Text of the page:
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This Week’s Book Review – The Reunion at Herb’s Café

I write a weekly book review for the Daily News of Galveston County. (It is not the biggest daily newspaper in Texas, but it is the oldest.) After my review appears on Sunday, I post the previous week’s review here on Sunday.

Book Review

‘The Reunion’ proves to be a delight for all readers

By MARK LARDAS... [Read More]

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Sacred Names

Nomen Sacrum” is the term used for certain abbreviations that are found in ancient manuscripts of the New Testament books. These abbreviations for the “sacred names” are well known by church historians, theologians and text critics but not much known outside of those circles. I thought that Christian Ratburghers would be interested in the way the earliest Christian scribes abbreviated the names for God and Jesus.

This post is a follow-up to my post last month, which was a book review of The Earliest Christian Artifacts, by Larry Hurtado.   That book was a historian reporting on what he found when he spent some time speaking with the papyrologists who study the earliest New Testament manuscripts, and what he saw when he examined these precious fragments of early Christian culture.

Continue reading “Sacred Names”

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This Week’s Book Review – The War for the Sea: A Maritime History of World War II

I write a weekly book review for the Daily News of Galveston County. (It is not the biggest daily newspaper in Texas, but it is the oldest.) After my review appears on Sunday, I post the previous week’s review here on Sunday.

Book Review

Readers to discover, understand World War II’s naval battles

By MARK LARDAS... [Read More]

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This Week’s Book Review – The Waters and The Wild

I write a weekly book review for the Daily News of Galveston County. (It is not the biggest daily newspaper in Texas, but it is the oldest.) After my review appears on Sunday, I post the previous week’s review here on Sunday.... [Read More]

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Book Review: Always Another Dawn

“Always Another Dawn” by A. Scott Crossfield and Clay BlairThe author was born in 1921 and grew up in Southern California. He was obsessed with aviation from an early age, wangling a ride in a plane piloted by a friend of his father (an open cockpit biplane) at age six. He built and flew many model airplanes and helped build the first gasoline-powered model plane in Southern California, with a home-built engine. The enterprising lad’s paper route included a local grass field airport, and he persuaded the owner to trade him a free daily newspaper (delivery boys always received a few extra) for informal flying lessons. By the time he turned thirteen, young Scott (he never went by his first name, “Albert”) had accumulated several hours of flying time.

In the midst of the Great Depression, his father’s milk processing business failed, and he decided to sell out everything in California, buy a 120 acre run-down dairy farm in rural Washington state, and start over. Patiently, taking an engineer’s approach to the operation: recording everything, controlling costs, optimising operations, and with the entire family pitching in on the unceasing chores, the ramshackle property was built into a going concern and then a showplace.... [Read More]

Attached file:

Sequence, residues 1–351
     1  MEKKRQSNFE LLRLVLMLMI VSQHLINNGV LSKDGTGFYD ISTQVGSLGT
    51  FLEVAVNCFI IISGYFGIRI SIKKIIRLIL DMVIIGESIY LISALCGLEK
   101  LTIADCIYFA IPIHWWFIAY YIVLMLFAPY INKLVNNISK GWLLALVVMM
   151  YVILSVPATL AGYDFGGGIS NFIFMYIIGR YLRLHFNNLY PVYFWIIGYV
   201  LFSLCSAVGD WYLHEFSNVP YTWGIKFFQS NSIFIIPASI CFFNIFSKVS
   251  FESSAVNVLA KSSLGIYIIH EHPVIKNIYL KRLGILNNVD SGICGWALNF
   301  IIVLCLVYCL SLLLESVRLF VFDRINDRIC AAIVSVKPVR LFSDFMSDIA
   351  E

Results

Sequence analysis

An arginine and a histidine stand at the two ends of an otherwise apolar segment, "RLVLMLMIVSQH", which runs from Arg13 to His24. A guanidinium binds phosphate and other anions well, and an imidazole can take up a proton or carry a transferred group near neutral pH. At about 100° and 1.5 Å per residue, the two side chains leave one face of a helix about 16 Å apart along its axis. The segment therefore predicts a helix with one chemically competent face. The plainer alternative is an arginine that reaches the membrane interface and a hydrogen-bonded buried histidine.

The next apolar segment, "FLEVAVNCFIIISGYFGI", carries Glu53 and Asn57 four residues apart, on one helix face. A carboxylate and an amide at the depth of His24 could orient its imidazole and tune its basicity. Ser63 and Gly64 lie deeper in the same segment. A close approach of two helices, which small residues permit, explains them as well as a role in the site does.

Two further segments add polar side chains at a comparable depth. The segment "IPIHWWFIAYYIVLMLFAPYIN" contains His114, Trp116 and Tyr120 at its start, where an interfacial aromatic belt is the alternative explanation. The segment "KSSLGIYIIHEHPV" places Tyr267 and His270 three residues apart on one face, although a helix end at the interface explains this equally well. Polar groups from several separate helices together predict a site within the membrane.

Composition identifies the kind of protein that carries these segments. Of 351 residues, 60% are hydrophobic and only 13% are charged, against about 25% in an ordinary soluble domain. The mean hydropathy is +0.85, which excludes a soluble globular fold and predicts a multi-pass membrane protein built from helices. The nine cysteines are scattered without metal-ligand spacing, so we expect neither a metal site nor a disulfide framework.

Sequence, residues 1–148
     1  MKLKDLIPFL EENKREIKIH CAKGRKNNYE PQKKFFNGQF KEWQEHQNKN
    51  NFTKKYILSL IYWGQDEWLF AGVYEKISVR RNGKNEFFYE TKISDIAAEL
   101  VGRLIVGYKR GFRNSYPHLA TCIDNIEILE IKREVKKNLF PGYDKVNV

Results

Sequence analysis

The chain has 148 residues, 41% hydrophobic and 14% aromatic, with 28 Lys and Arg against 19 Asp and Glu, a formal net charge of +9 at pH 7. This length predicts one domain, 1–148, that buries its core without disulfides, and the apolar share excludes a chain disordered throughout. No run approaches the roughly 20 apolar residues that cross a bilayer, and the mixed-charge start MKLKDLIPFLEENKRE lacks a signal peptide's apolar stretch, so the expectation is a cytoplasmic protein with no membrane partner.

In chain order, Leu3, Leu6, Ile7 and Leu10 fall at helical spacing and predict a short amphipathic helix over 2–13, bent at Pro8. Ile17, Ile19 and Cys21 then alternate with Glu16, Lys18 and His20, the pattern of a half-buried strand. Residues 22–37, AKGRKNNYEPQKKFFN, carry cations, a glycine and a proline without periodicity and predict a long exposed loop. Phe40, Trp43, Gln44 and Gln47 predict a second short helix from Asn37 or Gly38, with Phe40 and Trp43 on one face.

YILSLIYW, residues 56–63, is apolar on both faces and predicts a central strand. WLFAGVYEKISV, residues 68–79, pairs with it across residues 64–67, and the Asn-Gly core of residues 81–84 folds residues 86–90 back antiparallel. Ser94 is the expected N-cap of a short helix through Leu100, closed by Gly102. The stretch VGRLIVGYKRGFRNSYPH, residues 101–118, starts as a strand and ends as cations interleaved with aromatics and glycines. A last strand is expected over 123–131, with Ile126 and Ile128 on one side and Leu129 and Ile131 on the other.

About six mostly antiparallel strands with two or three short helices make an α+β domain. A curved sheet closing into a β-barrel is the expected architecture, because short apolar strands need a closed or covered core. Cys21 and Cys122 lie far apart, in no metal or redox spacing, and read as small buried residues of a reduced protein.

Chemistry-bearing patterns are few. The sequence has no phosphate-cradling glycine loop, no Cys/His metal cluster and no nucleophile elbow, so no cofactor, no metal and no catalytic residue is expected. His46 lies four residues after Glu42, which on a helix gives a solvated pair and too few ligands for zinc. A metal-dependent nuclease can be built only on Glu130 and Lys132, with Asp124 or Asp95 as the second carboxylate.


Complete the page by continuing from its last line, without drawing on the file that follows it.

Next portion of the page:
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Book Review: The Tower of the Bear

“The Tower of the Bear” by Fenton WoodThis is the third short novel/novella (145 pages) in the author’s Yankee Republic series. I described the first, Pirates of the Electromagnetic Waves, as “utterly charming”, and the second, Five Million Watts, “enchanting”. In this volume, the protagonist, Philo Hergenschmidt, embarks upon a hero’s journey to locate a treasure dating from the origin of the Earth which may be the salvation of radio station 2XG and the key to accomplishing the unrealised dream of the wizard who built it, Zaros the Electromage.

Philo’s adventures take him into the frozen Arctic where he meets another Old One, to the depths of the Arctic Ocean in the fabulous submarine of the eccentric Captain Kolodziej, into the lair of a Really Old One where he almost seizes the prize he seeks, and then on an epic road trip. After the Partition of North America, the West, beyond the Mississippi, was ceded by the Republic to the various aboriginal tribes who lived there, and no Yankee dare enter this forbidden territory except to cross it on the Tyrant’s Road, which remained Yankee territory with travellers given free passage by the tribes—in theory. In fact, no white man was known to have ventured West on the Road in a century.... [Read More]

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This Week’s Book Review – George P. Mitchell: Fracking, Sustainability, and an Unorthodox Quest to Save the Planet

I write a weekly book review for the Daily News of Galveston County. (It is not the biggest daily newspaper in Texas, but it is the oldest.) After my review appears on Sunday, I post the previous week’s review here on Sunday.... [Read More]

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This Week’s Book Review – Vanguard: The True Stories of the Reconnaissance and Intelligence Missions Behind D-Day

I write a weekly book review for the Daily News of Galveston County. (It is not the biggest daily newspaper in Texas, but it is the oldest.) After my review appears on Sunday, I post the previous week’s review here on Sunday.... [Read More]

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This Week’s Book Review – 1636: The China Venture

I write a weekly book review for the Daily News of Galveston County. (It is not the biggest daily newspaper in Texas, but it is the oldest.) After my review appears on Sunday, I post the previous week’s review here on Sunday.... [Read More]